Acute inflammation of the tissues located around the apex of the root, which leads to the accumulation of a large amount of pus in the bone or under the mucosa of the mouth.
Highly flexible material used to make, support and repair dental prostheses. It is traditionally used in pink but can also be found colourless – for allergy sufferers.
Material used in prosthodontics and orthodontics for taking dental impressions for, among other things, removable dental appliances.
Aphta (Aphthous stomatitis)
Oval-shaped ulcer with erosion underneath. They can occur in one or several places, and can range in diameter from 1 mm to 2 cm in. They form in the mouth, usually when the body's immunity is reduced.
Material that replaces natural bone and has direct contact with the tissues of the body. At the Cichoń Dental Centre, we use only the highest quality biomaterials.
Reconstruction of lost bone tissue from the alveolar ridge of the maxilla and mandible using biomaterials or own bone graft.
A medical term describing pathological friction between the teeth of the maxilla and the teeth of the mandible, most often at night (teeth grinding). Its symptoms include elevated blood pressure and muscle cramps. It may be caused by stress, malocclusion, or mouth infection. Bruxism can lead to loosening of the teeth in both the maxilla and the mandible, damage to the temporomandibular joint and chronic headaches. It is treated by correcting the occlusion, e.g. by using relaxation mouth guards and taking medicines. We recommend NTI relaxation nightguard to our patients.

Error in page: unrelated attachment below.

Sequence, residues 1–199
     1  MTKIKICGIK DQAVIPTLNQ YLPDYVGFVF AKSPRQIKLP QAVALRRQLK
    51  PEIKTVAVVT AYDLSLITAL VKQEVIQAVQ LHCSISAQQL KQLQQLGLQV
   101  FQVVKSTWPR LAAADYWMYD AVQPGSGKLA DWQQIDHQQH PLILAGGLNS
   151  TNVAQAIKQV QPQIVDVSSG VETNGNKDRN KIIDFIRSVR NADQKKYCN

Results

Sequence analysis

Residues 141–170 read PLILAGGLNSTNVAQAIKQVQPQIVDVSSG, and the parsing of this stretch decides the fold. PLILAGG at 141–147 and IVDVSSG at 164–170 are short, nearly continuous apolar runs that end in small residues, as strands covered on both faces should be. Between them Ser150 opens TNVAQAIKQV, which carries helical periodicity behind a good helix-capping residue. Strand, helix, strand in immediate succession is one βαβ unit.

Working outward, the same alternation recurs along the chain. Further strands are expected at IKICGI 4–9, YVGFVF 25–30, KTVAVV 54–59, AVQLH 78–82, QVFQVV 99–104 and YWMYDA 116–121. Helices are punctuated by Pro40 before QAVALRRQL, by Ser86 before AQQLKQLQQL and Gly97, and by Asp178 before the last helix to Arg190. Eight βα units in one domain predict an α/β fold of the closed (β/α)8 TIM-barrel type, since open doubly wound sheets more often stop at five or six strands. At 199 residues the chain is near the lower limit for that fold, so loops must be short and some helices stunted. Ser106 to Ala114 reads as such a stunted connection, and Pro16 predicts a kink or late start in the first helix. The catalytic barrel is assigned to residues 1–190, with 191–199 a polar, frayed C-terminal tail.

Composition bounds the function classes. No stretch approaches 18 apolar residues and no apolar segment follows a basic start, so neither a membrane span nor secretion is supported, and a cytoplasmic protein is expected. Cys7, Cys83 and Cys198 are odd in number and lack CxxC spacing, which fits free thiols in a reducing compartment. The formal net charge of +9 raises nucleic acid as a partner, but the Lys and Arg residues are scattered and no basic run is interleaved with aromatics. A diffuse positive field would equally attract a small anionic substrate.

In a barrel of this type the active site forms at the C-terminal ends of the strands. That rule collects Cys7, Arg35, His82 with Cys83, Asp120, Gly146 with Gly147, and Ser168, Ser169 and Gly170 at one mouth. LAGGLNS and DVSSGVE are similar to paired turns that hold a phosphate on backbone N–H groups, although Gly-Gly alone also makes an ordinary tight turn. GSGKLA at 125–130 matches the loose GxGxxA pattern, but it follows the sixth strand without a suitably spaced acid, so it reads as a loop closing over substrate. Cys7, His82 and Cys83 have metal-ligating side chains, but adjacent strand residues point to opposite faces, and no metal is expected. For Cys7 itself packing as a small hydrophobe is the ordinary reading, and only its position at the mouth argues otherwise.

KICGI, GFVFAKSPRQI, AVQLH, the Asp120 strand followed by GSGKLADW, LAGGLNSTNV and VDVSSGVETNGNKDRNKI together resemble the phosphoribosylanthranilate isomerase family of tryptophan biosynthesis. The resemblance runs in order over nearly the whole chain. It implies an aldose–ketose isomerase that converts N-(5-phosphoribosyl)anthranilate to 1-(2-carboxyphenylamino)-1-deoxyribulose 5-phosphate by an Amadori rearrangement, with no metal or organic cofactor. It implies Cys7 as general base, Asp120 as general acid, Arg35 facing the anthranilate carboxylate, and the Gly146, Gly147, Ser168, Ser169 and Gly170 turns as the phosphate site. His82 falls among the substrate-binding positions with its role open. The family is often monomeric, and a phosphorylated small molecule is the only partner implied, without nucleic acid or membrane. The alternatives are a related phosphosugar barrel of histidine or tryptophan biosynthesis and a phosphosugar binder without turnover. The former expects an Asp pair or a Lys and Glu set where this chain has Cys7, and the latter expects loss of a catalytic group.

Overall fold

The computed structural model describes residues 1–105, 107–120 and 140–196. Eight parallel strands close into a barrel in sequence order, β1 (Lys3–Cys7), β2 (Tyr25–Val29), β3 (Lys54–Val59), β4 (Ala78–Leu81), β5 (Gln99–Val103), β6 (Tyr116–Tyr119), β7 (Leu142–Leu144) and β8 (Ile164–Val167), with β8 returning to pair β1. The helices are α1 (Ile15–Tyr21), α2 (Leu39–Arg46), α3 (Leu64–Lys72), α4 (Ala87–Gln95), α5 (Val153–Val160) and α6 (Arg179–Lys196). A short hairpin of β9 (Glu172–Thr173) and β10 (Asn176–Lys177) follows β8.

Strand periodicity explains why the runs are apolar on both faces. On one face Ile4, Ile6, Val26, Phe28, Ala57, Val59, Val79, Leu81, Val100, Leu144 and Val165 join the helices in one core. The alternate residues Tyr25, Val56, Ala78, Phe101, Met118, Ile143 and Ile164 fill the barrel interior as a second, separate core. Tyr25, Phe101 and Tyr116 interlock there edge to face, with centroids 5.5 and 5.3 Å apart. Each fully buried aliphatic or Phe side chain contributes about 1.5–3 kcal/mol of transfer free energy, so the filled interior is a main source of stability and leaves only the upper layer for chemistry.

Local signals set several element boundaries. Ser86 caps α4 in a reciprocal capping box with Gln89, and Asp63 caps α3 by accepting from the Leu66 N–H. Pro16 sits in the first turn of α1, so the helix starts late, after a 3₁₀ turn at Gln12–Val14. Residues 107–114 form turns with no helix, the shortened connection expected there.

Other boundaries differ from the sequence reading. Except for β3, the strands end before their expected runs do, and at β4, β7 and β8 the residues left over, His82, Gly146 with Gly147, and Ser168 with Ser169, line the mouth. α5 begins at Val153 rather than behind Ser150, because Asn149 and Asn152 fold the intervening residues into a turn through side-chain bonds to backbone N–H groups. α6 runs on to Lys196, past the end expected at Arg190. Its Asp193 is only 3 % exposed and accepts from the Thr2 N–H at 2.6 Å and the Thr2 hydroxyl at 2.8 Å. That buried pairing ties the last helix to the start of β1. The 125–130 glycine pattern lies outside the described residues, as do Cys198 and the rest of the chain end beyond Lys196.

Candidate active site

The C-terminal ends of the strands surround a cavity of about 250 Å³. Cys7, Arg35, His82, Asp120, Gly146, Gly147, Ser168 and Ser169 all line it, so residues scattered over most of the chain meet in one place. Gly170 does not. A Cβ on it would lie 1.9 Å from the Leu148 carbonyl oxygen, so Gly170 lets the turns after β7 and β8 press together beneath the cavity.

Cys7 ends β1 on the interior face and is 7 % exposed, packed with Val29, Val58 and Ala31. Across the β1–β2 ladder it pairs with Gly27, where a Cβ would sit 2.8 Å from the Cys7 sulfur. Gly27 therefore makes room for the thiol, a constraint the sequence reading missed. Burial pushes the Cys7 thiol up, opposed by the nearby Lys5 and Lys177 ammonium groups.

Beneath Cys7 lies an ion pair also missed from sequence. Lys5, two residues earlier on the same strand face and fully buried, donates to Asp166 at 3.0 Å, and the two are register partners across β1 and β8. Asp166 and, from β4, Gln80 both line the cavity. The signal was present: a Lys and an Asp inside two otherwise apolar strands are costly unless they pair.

Cone Beam Computed Tomography is currently one of the fastest and most accurate methods of radiological diagnosis, with applications in every field of dentistry, surgery and implantology. CBCT’s innovation method uses a conical beam that irradiates during a single (rather than repeated) rotation around the patient’s head, which significantly shortens the test time and reduces the dose of radiation, which is important to the patient, while obtaining the highest quality images.
Calculus / Tartar
Plaque that has been mineralised and is a cause of periodontal disease.
Closure of the maxillary sinus
A surgical procedure involving the closure of the entrance to the maxillary sinus, which has been created as a result of tooth extraction.
A material used to reconstruct tooth crown tissues. It is used to fill holes created by caries.
Crown and root insert
Insert that forms the foundation for a prosthetic crown. It protects the tooth against loss while restoring its crown.
Treatment of the gingival pockets using a curette (French, meaning scoop): the removal of bacterial plaque and tartar from the root of the tooth, which fill the gingival pocket together with the inflamed epithelial attachment.
A tooth from which nerves have been removed, as a result of inflammation and root canal treatment. A tooth can also die as a result of untreated caries or injury.